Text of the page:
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Appeals court upholds San Francisco laws dictating gun storage, banning sale of exotic ammo

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SAN FRANCISCO — A federal appeals court on Tuesday upheld two San Francisco gun laws challenged by the National Rifle Association and gun owners who live in the city.

San Francisco requires handgun owners to secure weapons in their homes by storing them in a locker, keeping them on their bodies or applying trigger locks. The city also bans the sale of ammunition that expands on impact, has "no sporting purpose" and is commonly referred to as hollow-point bullets.

The San Francisco-based 9th U.S. Circuit Court of Appeals said the requirements are reasonable attempts to increase public safety without trampling on Second Amendment rights.

Judge Sandra Ikuta, writing for the unanimous three-judge panel, said modern gun lockers can be opened quickly and "may be readily accessed in case of an emergency." She also said that gun owners concerned about safety can carry them around the home as well.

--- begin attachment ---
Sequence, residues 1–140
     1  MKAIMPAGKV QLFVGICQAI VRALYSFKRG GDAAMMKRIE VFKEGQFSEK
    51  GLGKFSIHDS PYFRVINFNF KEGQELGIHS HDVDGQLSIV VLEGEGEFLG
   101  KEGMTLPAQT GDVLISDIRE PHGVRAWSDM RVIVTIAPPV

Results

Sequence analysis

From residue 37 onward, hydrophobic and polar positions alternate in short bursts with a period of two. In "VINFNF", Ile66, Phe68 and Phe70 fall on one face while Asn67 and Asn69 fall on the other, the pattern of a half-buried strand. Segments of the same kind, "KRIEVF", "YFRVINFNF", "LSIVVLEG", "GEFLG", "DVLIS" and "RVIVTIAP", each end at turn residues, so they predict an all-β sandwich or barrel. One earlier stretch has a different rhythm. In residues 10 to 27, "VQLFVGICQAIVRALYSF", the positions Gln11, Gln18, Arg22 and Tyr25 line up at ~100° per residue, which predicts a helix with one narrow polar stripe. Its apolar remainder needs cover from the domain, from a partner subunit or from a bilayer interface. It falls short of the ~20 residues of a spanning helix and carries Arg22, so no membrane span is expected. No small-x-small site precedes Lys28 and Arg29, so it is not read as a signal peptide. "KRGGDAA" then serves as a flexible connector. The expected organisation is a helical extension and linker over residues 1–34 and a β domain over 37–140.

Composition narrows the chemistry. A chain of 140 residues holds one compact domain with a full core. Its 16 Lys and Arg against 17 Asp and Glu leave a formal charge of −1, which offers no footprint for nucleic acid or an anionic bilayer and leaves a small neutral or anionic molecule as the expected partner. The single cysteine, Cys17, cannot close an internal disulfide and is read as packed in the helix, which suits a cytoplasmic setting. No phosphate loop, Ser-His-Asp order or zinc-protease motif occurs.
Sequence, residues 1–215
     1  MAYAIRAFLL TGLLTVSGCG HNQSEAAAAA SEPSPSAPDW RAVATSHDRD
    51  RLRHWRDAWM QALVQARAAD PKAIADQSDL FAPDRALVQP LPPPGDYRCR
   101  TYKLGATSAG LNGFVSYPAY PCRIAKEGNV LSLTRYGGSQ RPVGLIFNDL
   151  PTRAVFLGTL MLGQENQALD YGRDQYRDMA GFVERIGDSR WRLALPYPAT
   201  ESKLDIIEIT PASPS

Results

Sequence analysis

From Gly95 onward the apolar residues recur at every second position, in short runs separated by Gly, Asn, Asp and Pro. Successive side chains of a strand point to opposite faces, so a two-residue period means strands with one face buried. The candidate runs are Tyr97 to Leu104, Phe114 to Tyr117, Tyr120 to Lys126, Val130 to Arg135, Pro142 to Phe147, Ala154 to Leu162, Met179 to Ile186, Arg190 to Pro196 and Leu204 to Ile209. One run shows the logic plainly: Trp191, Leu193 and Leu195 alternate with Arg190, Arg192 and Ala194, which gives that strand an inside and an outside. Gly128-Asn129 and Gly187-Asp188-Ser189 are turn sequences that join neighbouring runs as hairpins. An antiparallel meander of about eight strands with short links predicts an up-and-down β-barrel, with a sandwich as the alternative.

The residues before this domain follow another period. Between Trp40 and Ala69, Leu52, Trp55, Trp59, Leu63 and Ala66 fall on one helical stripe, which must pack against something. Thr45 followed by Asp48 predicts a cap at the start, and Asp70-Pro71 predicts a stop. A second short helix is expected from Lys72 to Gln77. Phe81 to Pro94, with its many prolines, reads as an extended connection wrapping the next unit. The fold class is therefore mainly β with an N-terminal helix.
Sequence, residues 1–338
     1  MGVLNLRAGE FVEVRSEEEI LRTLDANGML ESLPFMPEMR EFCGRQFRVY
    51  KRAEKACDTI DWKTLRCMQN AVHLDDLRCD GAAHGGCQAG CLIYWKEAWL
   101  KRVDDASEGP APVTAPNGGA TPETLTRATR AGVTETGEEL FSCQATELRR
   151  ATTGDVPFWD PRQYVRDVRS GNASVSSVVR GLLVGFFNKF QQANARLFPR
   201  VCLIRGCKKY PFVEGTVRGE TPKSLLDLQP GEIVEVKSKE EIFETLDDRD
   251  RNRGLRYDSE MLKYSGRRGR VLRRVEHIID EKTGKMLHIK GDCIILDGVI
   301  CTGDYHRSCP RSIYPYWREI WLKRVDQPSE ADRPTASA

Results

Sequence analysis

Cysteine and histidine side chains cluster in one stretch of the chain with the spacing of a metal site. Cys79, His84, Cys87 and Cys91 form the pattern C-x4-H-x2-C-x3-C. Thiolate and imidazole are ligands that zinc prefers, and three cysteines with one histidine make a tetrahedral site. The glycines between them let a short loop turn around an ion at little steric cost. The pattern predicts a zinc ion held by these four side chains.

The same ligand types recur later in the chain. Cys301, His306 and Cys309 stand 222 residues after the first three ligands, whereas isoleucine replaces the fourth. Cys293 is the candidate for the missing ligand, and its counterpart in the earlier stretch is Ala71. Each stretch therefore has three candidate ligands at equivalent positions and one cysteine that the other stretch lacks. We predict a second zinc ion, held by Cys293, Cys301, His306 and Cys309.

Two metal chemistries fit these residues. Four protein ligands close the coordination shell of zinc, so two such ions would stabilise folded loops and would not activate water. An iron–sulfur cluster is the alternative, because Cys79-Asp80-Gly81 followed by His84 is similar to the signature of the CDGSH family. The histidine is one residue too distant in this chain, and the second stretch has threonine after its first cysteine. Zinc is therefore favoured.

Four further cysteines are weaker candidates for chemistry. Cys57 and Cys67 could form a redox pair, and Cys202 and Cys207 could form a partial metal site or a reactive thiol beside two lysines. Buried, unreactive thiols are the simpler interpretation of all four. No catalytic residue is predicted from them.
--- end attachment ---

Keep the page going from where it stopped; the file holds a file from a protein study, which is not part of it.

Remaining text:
As for the ammunition ban, Ikuta said San Francisco residents were free to buy the banned bullets outside city limits. That limitation "imposes only modest burdens on the Second Amendment right," she said.

Chuck Michel, the lead attorney on the NRA-backed lawsuit said he would ask the appeals court to rehear the case before a special 11-judge panel. Michel said he would petition the U.S. Supreme Court to hear the case if the 9th Circuit rejects his bid for another hearing.

"Self-defense is not a sport," Michel said. San Francisco's gun restrictions are among the strictest in the nation, he said.

A spokesman for San Francisco City Attorney Dennis Herrera said the ruling validates the city's goal to lessen gun violence.

"This is about public safety," Herrera spokesman Gabriel Zitrin said.

The same court last month struck down the requirement of California applicants for concealed-weapons permits to show they had a "good cause" to carry a gun outside the home. The court said law-abiding citizens who receive the proper training need show only a desire for self-defense to receive a permit to carry a handgun in public.

California Attorney General Kamala Harris has asked the 9th Circuit to convene an 11-judge panel to reconsider the concealed-weapons permit ruling.

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